Gold is one of the oldest investment products in the global market. The precious metal is considered by investors as a good investment because of its unfaltering value. Some also feel proud of owning such a rare material, albeit the fact that supply of gold has significantly increased over the years as gold mines continue to be discovered.
For traders and investors, however, the value of gold becomes more apparent during periods of economic unrest. During times when people are dumping high-risk assets, the demand for safe havens relatively increase, one of which is gold.
Other safe havens are the US Dollar and Japanese Yen, currencies of two of the largest economies in the world. This phenomenal shift in investment allocation has happened countless of times. But exactly why does it happen? And how can one capitalize on this periodic change in polarity?
As investors were anticipating a slowdown in US economic growth recently, demand for safe havens increased across global markets. This quickly boosted gold prices and has helped the product make a new 3-month high. The precious metal was able to rally 4.1 percent just last week.
After taking the steepest dive since 1981, gold prices continue to show positive signs of recovery and stabilization. This noteworthy sign of recovery came subsequently with soft US economic data last week. At the start of the week, bullion orders jumped 1 percent to $1,331.50 during the afternoon trading hours on the New York Mercantile Exchange.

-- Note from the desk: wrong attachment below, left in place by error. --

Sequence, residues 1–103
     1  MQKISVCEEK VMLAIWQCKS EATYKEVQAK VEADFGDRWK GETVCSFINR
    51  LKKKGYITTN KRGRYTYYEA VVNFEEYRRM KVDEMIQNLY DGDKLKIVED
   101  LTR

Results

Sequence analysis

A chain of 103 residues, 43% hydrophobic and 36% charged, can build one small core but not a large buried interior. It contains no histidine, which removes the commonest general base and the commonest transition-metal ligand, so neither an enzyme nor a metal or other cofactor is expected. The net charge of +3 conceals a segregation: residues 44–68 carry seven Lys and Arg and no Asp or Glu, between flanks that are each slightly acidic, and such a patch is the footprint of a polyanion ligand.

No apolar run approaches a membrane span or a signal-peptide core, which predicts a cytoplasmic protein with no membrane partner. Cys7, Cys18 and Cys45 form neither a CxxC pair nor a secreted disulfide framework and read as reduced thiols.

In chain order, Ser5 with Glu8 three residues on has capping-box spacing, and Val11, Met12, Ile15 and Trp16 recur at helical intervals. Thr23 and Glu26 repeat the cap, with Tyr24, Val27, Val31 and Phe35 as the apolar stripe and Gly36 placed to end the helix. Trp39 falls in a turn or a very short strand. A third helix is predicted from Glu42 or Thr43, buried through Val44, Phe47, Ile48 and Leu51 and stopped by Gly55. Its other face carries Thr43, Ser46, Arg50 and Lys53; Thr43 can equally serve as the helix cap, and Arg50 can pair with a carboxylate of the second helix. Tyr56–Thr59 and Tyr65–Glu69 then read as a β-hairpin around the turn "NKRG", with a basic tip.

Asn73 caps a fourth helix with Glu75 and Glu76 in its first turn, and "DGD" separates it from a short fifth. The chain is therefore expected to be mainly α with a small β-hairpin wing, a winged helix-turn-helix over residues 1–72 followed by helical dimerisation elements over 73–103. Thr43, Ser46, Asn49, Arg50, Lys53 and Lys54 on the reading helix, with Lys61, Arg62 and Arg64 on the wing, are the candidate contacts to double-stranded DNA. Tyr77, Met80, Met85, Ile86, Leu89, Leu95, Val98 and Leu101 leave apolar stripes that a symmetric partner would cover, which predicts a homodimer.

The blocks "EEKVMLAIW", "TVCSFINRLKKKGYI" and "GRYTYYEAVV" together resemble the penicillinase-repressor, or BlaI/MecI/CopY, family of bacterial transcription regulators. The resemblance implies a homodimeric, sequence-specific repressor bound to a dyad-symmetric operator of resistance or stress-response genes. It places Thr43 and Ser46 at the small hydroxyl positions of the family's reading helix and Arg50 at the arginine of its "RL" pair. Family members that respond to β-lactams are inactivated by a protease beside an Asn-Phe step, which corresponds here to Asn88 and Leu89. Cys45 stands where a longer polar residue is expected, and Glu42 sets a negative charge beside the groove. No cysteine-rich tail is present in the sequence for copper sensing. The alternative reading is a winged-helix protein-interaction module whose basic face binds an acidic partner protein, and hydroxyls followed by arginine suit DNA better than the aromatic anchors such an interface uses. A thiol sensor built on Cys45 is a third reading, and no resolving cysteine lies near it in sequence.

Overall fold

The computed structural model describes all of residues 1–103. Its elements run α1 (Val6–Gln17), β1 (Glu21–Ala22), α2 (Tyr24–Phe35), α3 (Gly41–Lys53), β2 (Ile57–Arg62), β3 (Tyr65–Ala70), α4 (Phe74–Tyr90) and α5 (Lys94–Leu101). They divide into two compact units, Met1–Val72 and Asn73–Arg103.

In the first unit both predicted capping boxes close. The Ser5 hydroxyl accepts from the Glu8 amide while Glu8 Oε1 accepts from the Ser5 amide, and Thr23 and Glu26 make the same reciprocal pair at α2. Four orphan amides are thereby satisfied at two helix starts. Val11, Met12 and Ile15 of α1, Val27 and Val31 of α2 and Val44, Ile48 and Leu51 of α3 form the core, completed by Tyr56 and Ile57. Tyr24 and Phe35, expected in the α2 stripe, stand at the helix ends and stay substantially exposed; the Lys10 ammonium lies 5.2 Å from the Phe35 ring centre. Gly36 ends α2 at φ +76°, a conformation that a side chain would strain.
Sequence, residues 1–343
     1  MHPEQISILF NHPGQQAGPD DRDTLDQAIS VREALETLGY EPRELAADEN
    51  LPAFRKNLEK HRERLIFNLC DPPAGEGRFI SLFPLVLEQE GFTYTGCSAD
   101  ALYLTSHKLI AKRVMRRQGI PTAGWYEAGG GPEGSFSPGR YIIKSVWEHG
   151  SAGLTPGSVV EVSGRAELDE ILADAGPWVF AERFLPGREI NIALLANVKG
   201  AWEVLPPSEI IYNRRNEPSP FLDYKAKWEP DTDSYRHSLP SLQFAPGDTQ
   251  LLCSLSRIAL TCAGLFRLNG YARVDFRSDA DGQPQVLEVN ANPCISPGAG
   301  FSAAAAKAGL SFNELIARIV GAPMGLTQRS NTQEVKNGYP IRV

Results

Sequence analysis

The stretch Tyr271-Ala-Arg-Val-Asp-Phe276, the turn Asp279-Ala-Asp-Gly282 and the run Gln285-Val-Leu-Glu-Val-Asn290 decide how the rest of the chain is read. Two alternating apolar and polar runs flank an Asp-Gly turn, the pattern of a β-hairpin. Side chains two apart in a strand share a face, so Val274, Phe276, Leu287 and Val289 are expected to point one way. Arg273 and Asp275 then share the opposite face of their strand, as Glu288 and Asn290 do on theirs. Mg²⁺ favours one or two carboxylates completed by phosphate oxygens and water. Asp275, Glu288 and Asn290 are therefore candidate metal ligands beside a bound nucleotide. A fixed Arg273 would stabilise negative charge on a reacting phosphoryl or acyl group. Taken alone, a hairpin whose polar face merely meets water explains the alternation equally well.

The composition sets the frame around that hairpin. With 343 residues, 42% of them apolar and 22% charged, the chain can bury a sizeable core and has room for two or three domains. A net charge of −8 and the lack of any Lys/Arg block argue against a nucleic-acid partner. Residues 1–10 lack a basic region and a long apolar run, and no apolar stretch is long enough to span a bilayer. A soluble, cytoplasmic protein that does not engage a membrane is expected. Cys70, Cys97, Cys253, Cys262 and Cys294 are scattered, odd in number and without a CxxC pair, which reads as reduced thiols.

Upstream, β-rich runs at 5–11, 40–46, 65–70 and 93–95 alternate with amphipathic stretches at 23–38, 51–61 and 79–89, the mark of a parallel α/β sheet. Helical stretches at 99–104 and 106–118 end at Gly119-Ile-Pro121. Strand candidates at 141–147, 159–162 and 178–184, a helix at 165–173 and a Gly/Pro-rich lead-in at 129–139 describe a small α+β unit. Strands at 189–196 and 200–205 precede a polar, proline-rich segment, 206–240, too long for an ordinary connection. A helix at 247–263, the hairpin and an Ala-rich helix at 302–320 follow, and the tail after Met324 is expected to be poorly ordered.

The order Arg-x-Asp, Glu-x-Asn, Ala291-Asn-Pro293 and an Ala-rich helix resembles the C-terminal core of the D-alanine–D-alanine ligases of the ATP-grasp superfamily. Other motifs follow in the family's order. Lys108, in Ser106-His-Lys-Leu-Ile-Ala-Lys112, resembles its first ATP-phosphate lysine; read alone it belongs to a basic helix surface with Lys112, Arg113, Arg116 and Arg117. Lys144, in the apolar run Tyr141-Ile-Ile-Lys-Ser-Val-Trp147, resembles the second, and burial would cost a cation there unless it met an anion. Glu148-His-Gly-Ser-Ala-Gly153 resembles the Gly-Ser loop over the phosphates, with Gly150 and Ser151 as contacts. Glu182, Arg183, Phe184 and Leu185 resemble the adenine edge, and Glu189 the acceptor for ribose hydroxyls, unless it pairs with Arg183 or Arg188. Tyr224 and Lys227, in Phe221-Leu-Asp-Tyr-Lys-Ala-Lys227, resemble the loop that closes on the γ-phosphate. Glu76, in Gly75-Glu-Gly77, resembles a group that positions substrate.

Juxtaposed the US economy’s lost of growth momentum, Japanese Yen also slips as Bank of Japan statement and other economic indicators were released. The yen weakened across the board, especially against majority of its currency counterparts in the Forex market. On the other hand, Bank of Japan’s two-day meeting concluded with the central bank deciding to keep rates unchanged.
Now, how do investors capitalize on gold demand? The simplest investment approach would be to purchase or add more gold to your existing investment portfolio. Be sure to get in at a price retracement for the lowest risk and highest reward possible.
In addition, you can buy Australian dollar and New Zealand dollar, which is positively correlated with gold. This means that if gold prices increase, so do these currencies. The reason behind this is the fact that Australia and New Zealand are two of the largest gold suppliers in the world. Increase in demand for gold means more money for these countries.